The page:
İrem UZUN -TDO- New satellite imagery shows the reservoir behind Ethiopia’s megaproject called the Ethiopian Renaissance Dam beginning to fill. Although analysts say it’s likely due to seasonal rains instead of government action, Ethiopian water minister said the country started filling the dam on Wednesday after talks with Sudan and Egypt over the structure became deadlocked.
The $4.5 billion dam has been under construction for nine years, and once operational, will be the largest hydroelectric power plant on the African continent, capable of producing 6.4 gigawatts of power. But the project has generated opposition from fellow Nile River countries Egypt and Sudan who fear it will affect their access to fresh water. Reuters reported on Tuesday that the talks hosted by the African Union between the three nations failed to reach a consensus as Ethiopia moves forward with its intentions.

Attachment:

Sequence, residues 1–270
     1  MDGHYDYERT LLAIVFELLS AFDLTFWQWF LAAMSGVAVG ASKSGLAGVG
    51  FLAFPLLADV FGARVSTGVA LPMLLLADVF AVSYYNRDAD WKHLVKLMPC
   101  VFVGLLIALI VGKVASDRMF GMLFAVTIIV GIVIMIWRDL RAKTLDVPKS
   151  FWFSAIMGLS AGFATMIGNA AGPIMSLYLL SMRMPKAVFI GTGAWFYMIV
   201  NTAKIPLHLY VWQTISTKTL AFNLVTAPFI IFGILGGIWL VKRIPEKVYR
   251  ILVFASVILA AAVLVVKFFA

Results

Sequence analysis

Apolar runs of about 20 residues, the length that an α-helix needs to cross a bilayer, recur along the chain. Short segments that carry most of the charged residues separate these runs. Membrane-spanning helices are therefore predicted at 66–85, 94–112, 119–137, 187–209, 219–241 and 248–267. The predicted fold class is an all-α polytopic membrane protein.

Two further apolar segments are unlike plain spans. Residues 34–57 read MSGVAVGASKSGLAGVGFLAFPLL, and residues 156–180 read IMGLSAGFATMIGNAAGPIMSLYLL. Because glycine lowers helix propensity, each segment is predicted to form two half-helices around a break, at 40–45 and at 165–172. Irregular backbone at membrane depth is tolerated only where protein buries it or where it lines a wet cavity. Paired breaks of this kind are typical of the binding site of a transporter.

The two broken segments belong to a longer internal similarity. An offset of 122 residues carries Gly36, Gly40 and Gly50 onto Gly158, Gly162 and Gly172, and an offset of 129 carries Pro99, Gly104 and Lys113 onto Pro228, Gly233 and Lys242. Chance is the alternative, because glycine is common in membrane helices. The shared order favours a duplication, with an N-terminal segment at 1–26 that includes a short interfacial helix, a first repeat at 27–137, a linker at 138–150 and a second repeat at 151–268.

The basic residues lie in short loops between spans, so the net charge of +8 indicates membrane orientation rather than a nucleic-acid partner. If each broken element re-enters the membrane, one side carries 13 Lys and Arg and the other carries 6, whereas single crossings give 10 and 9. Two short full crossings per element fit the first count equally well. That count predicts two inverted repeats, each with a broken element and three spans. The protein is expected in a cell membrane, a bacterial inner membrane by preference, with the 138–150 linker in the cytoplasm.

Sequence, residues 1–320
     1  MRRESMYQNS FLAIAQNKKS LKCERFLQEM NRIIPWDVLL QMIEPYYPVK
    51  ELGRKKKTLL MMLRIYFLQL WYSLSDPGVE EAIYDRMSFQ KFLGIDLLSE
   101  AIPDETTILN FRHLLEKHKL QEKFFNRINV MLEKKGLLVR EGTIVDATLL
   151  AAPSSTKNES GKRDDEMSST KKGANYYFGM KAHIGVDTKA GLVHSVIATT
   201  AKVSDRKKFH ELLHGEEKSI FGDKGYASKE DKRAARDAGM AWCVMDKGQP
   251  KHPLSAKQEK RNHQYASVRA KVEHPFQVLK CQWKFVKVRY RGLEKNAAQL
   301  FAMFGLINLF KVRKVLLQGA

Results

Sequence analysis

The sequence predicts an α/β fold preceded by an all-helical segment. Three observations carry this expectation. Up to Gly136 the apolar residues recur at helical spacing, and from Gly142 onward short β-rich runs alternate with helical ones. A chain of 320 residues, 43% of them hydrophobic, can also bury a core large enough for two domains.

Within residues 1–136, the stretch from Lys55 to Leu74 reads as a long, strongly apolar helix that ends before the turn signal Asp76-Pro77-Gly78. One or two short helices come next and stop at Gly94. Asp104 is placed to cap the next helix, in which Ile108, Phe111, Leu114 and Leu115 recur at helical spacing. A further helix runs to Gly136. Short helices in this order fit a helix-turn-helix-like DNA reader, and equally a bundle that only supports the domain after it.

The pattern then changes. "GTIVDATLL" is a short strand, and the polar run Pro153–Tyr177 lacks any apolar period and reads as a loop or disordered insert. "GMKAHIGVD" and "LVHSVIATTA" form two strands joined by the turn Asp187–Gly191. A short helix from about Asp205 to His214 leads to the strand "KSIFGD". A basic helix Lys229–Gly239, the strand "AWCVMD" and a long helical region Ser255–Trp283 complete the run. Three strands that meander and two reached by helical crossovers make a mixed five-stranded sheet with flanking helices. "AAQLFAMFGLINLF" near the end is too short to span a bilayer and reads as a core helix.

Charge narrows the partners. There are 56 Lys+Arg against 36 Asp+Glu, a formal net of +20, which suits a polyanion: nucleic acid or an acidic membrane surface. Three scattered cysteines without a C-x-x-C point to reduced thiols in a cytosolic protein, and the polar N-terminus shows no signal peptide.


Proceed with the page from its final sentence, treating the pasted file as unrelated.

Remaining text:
Ethiopia says the colossal dam offers a critical opportunity to pull its nearly 110 million citizens out of poverty and become a major power exporter. “The construction of the dam and the filling of the water go hand in hand,” water minister Seleshi Bekele said in comments broadcast on television. Downstream Egypt, which depends on the Nile to supply its farmers and a booming population of 100 million with freshwater, asserts that the dam poses an existential threat. Experts fear that filling the dam without a deal could push the countries to the brink of military conflict.